But for a little while, I’m trying to just BE. To be a mom. To be a person who loves the holidays. To be a grateful wife who knows that these days will not last. More crazy and crisis will come our way. Christmas is only a short time — a month, really, if I get the tree up soon after Thanksgiving. And I know it’s just shiny lights and jingly bells, and that isn’t what the season is about.

But you know what? Those fleeting shiny decorations are representative of so much more to me. They are joy and light, innocence and peace. The sheer mad helpless excitement that my children feel during this month is priceless — and like the season, it is fleeting. I know that they won’t be eight and six forever. Cynicism will set in (after all, they are my kids). And soon the magic will fade. Reindeer won’t fly anymore, Santa will be just a guy in a cheap velour track suit with an unconvincing beard. No one will be wildly excited about a candy cane or beg to help me set up my little village. The glitter will be just shiny dust, and while they’ll always love the tree (because they are my kids), they’ll turn to being excited about different things. Material things.

And so I’m going to pause in my frantic efforts on the publishing treadmill. I’m going to get the book back to my agent in a timely fashion… but before I do, I’m going to hold my children on my lap and read the holiday books they bring home from school. I’m going to light a fire, pour hot chocolate and talk to them about their stockings, muse about where the elf might pop up next, and plan what little treats to stick behind tomorrow’s door on our advent tree. I’m going to take this month and live with my beautiful family, basking in the knowledge that what we have now is good. Is magic.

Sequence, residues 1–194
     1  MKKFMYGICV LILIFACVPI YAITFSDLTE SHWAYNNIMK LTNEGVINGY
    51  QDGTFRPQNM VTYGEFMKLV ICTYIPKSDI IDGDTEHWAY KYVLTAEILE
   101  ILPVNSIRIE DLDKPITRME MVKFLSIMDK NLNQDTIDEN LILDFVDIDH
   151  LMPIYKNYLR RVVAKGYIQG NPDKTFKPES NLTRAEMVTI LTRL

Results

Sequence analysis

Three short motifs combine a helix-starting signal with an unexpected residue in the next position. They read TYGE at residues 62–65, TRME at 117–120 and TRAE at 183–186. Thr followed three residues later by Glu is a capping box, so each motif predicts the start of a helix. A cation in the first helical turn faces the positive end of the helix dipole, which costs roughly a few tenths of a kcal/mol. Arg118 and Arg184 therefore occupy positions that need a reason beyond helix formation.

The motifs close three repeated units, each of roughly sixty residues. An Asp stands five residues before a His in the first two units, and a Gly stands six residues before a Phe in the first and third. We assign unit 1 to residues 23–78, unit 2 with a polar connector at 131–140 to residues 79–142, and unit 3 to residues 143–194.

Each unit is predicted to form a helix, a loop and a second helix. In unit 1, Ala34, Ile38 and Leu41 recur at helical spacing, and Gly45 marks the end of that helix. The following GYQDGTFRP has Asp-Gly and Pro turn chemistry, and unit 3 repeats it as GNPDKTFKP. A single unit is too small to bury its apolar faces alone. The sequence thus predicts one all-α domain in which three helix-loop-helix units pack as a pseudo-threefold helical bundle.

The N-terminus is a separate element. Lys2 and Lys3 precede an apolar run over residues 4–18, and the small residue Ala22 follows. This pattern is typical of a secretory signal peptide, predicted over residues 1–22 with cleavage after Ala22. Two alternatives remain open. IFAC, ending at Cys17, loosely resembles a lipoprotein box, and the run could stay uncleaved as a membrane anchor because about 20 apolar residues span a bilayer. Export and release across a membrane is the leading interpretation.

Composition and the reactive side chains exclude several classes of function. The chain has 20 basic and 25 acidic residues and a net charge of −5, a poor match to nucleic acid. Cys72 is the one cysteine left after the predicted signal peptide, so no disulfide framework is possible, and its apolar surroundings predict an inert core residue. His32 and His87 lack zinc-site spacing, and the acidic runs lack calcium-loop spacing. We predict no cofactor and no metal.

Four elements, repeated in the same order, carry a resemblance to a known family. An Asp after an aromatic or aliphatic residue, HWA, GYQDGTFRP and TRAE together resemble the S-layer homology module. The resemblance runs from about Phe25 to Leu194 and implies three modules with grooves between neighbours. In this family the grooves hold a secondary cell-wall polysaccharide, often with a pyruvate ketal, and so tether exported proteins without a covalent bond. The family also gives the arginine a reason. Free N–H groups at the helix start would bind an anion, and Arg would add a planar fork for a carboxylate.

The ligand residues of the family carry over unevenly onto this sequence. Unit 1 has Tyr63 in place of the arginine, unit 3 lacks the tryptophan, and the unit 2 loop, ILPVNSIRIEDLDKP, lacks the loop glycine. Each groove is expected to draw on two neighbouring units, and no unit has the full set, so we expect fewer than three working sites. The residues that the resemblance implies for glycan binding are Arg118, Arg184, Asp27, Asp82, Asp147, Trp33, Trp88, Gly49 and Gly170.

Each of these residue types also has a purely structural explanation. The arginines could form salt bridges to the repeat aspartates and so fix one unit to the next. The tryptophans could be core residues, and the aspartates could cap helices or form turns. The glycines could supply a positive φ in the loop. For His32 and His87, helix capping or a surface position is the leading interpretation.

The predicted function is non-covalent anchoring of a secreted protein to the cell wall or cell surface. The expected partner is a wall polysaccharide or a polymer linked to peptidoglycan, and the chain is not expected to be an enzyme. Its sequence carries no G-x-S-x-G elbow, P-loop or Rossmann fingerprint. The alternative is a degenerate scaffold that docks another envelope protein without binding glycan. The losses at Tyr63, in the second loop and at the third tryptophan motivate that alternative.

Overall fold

And this tree–my shiny glowing Christmas tree–makes me think of all of that. I’m sharing it with you in hopes that you will remember to slow down and reflect a little bit this month, too. IMG_1726

The Art

My kids bring home a lot of artwork. Lunchbox is in Kindergarten, so he is still creating huge 11 x 17 paintings and drawings for us to display around the house. Turbo’s art has gotten more intricate, and has lots of complicated houses filled with rooms and beds and–frighteningly–men with guns and sometimes blood. But 8 year old boys will be 8 year old boys, right?

Anyway, I’m out of room. As much as I want to keep every precious memory and wonderful owl made from fingerprints… I can’t. I’m not a hoarder and I don’t want to be one. I know that things that seem precious now are tomorrow’s junk. Don’t get me wrong–I keep a few things each month, tucking them into a folder that I convince myself I will then organize into big binders of keepsakes for them. (I haven’t done that, but I could spring into action any moment!)

So for now, I put the art here.

Today I give you, Red Dragon (Turbo) and Giraffe (Turbo, artwork commissioned by his little brother, Lunchbox, who has a particular affinity for giraffes.)